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Why FS graduates don’t want to work for you

Why FS graduates don’t want to work for you

How do we prevent the decline of the financial adviser? The high street banks, having heaved themselves from the advice market, together with the closure of networks who have been riddled with the cancer of poor advice, is conceivably resulting in the decline of financial advisers.

Robo-advisers – the innovative, cloud-based investment solutions which is appealing to early adopters, is gaining momentum. Perhaps arrogance, or even ignorance, helps financial advisers discount the real threats in their macro-environment. “People will always need financial advice” is a common retort to any talk of demise.

The Kodak story makes an admirable allegory. Senior managers evaluated the new digital age convincingly, narrating to themselves, “People love film, and they’ll always want it. It provides the best quality.”

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The passing of traditional financial advice may not imminently materialise. Nonetheless, like Kodak, perish it will unless financial advisers start to innovate and recruit the best people. I’m asked frequently: what do graduates look for in an employer? How can we entice financial services graduates to join our financial services and paraplanning firms? To be unswerving, generally.

They are not concerned about becoming a financial adviser or indeed a paraplanner (most don’t know what paraplanning is) in a small firm. I’m sure arrogance will prevent my assumptions having any merit in the profession, so perhaps intensifying my argument may assist.

If you’re looking to entice the best graduates, here is not (I acknowledge), a complete list of graduate desires.

• An ethical employer who focuses on the wider social and moral micro-environment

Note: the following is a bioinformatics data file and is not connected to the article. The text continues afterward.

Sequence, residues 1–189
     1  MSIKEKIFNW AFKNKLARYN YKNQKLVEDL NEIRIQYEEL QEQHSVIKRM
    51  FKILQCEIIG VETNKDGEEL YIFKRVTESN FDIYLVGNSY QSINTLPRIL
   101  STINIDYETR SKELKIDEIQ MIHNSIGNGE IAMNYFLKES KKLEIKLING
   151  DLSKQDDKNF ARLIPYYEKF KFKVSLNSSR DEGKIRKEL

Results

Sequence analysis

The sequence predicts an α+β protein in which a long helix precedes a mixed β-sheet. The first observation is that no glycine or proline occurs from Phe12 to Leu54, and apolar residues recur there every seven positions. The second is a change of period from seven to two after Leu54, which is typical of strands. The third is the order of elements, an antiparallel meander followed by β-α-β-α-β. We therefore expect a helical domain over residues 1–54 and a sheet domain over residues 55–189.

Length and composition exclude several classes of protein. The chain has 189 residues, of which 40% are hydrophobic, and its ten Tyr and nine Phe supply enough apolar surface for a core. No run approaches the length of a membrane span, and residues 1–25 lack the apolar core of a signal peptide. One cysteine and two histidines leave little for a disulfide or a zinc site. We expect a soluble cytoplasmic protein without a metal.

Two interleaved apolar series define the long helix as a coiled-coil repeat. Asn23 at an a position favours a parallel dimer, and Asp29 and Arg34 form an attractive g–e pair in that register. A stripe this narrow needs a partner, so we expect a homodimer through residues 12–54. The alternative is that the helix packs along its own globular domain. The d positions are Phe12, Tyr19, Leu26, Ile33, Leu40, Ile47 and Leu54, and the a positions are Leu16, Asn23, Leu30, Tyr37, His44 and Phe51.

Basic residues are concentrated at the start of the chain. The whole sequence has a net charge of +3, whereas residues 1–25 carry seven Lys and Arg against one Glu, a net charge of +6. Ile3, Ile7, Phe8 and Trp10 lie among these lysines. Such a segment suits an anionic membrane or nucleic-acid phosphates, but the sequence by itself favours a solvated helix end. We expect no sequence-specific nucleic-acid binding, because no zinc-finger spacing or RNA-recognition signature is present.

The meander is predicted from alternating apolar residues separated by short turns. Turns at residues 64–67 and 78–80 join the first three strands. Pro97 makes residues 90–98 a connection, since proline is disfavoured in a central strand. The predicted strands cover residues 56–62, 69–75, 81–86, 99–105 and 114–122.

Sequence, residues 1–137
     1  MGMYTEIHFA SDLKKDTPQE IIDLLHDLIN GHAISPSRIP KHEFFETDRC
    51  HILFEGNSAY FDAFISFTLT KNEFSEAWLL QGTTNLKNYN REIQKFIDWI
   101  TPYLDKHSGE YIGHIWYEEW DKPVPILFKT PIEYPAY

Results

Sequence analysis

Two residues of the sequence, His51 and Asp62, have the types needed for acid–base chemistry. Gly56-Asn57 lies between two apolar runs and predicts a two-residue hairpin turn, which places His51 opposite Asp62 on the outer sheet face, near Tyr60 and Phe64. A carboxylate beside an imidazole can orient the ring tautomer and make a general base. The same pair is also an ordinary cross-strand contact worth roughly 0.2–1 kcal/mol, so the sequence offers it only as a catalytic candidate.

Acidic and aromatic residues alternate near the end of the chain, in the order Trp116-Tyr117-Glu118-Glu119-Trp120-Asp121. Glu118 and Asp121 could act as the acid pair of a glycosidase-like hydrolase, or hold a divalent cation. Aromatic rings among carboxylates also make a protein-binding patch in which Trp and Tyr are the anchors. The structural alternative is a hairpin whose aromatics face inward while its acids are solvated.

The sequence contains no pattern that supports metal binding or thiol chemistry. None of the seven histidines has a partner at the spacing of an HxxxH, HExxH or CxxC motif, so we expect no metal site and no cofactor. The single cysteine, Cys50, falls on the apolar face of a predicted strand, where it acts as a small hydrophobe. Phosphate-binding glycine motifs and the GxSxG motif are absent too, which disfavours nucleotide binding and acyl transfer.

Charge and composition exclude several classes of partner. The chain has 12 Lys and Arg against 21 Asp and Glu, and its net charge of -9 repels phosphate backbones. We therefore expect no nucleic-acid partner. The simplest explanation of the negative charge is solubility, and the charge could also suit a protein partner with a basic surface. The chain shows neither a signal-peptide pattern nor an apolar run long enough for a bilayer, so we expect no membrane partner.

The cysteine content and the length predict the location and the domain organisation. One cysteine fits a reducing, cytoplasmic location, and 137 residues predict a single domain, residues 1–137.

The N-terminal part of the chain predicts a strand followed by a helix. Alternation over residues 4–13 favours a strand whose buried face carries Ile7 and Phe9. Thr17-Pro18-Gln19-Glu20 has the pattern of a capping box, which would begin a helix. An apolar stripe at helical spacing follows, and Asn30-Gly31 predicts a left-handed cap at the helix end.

• Employers with a long-term focused strategy who can easily communicate their vision and show real innovation

• Great salary, benefits, professional training and a clear career progression

• A friendly, happy organisation with modern offices and good travel links

• Bespoke, ongoing training and development

• Professional environment, none arrogant managerial style who value everyone.

If, Reader, you are a small adviser firm, can you offer any of the above? Perhaps I may be conceited and suggest you cannot. I’ll submit to you our graduates will head straight towards the global banks, fund managers and insurance providers who arguably would!

I’ve written often on the demise of the financial adviser – without the ability to attract top graduates regardless of the most positive mind-set, the sector will emerge into a cottage industry. I must accept some people will always need a financial adviser like some people will always need a piano tuner.

Conversations about growing the sector, encouraging new entrants, and transforming into a new age profession are erroneous. Financial advisers are in decline – providing advice to elderly laggards, while the new age early adopters are looking for online solutions. And the top financial services graduates head towards the city and the lure of employment with global banks.

Richard Bishop is a lecturer in financial services at Coventry University College and a practising regulated financial adviser.